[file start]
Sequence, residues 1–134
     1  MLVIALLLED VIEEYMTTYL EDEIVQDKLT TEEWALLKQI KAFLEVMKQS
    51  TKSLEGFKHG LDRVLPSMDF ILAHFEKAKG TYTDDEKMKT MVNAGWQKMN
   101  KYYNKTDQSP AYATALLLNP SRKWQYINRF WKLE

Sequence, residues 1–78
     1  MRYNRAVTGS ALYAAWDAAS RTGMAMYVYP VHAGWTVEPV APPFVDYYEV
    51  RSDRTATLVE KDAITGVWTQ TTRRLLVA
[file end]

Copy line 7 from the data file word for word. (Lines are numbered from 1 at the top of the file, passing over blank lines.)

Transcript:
    51  RSDRTATLVE KDAITGVWTQ TTRRLLVA